New research from the University of Hawai’i has shown that the deep-sea corals Leptoseris can grow at a much faster rate than previously realised. It challenges the widely held assumption that deeper corals living on the brink of darkness grow extremely slowly.
When you think of corals you normally picture diverse and colourful structures in crystal clear tropical waters surrounded by an abundance of vibrant marine life. However corals can actually grow at depths much greater than most people realise. In fact entire reefs, much less diverse and colourful than their tropical relatives but equally important, can grow hundreds of feet below the ocean’s surface on the brink of total darkness. A new study by researchers from across Hawai’i has shown that despite the lack of light and freezing waters, these corals actually grow much quicker than anybody realised and highlights just how important they really are.
Leptoseris is the dominant group of coral species that help to from deep-sea coral reefs throughout the Indo-Pacific region. Like their vibrant tropical cousins they rely heavily on their symbiotic relationship with photosynthetic algae known as zooxanthellae. However unlike shallow water corals they receive much less light. In fact at the lower end of their depth range, at around 360 feet below the surface, they only receive 0.2% of the light available to their warm water cousins. As a result of this scientists have long assumed that these deep-sea corals grow at an agonisingly slow rate of around 0.04 inches per year, based on the limited data they have collected from this challenging research environment.
Step forward Samuel Khang, an affiliate with the University of Hawai’i at the Manoa School of Ocean and Earth Science and Technology (SOEST), who wanted to properly test the hypothesis of slow growth in deep-sea corals. Along with researchers from the Hawai’i Underwater Research Laboratory (HURL), Waikiki Aquarium, National Taiwan University, Hokkaido University and Hawai’i Pacific University, where he is also a professor. The team took samples of Leptoseris at depths between 225 and 360 feet in the Au’au Channel using HURL’s Pisces IV/V submersibles. They then used uranium-thorium radiometric dating to accurately determine the age of the coral skeletons, before measuring growth rates by looking at their radial growth axis, much like counting the rings of a tree.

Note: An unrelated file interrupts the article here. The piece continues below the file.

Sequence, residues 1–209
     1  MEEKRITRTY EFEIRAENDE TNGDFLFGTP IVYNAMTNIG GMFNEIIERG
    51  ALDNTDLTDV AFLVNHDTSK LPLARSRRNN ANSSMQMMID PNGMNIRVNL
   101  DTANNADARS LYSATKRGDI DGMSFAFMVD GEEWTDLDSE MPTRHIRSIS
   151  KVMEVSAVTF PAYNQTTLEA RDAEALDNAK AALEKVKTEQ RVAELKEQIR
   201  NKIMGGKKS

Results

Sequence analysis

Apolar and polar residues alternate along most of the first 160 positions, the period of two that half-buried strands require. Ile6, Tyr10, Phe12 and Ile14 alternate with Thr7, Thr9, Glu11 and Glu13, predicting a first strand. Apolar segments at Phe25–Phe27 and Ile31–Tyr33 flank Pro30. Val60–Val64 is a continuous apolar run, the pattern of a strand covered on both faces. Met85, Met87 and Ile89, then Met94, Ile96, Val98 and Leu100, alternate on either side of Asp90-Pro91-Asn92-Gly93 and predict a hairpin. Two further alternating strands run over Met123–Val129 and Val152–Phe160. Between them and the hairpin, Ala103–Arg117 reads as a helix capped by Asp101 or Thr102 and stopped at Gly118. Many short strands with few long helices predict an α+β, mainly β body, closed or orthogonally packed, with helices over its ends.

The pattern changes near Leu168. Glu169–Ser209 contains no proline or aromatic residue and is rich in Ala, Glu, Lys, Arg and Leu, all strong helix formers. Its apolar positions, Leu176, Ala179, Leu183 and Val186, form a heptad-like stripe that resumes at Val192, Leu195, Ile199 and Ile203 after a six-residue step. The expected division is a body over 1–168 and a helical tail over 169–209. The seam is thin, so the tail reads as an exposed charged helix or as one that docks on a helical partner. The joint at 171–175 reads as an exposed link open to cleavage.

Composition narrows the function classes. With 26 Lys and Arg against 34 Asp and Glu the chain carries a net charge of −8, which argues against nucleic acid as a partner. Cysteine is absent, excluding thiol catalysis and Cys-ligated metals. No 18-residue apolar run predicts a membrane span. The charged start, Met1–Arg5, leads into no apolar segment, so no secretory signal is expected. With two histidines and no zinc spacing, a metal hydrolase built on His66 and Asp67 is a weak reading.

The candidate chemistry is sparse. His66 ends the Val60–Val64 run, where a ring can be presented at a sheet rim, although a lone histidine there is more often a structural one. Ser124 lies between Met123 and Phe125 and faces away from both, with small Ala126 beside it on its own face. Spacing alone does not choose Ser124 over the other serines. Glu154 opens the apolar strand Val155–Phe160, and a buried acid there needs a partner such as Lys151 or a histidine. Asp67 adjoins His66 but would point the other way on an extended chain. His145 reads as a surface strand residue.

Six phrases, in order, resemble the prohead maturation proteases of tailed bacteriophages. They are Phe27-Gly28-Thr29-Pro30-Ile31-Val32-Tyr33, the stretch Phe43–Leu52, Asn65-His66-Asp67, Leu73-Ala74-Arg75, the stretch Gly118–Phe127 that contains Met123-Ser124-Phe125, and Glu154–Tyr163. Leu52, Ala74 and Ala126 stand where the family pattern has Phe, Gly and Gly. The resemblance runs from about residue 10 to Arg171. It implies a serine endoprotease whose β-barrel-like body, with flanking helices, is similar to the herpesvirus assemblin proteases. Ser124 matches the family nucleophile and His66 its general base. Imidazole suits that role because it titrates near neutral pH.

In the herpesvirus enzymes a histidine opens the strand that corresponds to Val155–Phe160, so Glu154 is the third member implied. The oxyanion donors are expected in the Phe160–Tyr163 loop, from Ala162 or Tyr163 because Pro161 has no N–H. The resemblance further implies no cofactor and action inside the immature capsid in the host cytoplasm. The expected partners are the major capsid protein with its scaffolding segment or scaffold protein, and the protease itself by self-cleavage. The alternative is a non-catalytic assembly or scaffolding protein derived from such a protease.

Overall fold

What they found was not only very surprising, but also extremely interesting. “The corals were found to be relatively young with growth rates comparable to that of many non-branching shallow water corals” explained Khang in a press release. In fact at a depth of 225 feet the corals grew at around an inch per year, whereas at the deepest points around 360 feet the rate was a slower 0.3 inches per year (still almost 10x faster than previous predictions). These results were included in the recent paper released by Khang and his colleagues in the journal Coral Reefs. In it the researchers suggest that the reason behind the corals faster growth rates is due to the way they grow, which maximises the amount of light they can absorb whilst reducing energy output.
This is achieved by growing outwards rather than upwards. Leptoseris corals have thin skeletons with a wide surface area, which is continually spreading out as they grow. Unlike lots of other corals they also don’t get thicker when they grow, which means light can easily access the photosynthetic algae in their tissue. The team also suggest that the corals aim to create a convex shape in which they can trap light in a sort of ‘reflective-chamber’ meaning they can make the most out of the light that reaches them.
An important ecosystem
This discovery is very interesting because it highlights how important these deep-sea ecosystems could be in the future. Once considered to be ancient outliers, deep-sea coral reefs are now known to be widespread and capable of growing much quicker than previously realised. Khang also thinks that his work “suggests that these communities may be able to develop and recover from mortality events much faster than previously thought”. This is especially important given that their tropical shallow water cousins are facing so many anthropogenic problems today. However just because these reefs are deep down doesn’t mean they are safe, because new practises such as deep-sea mining can pose a very real threat to them. It is therefore important that we learn more about them in order to better protect them in the future.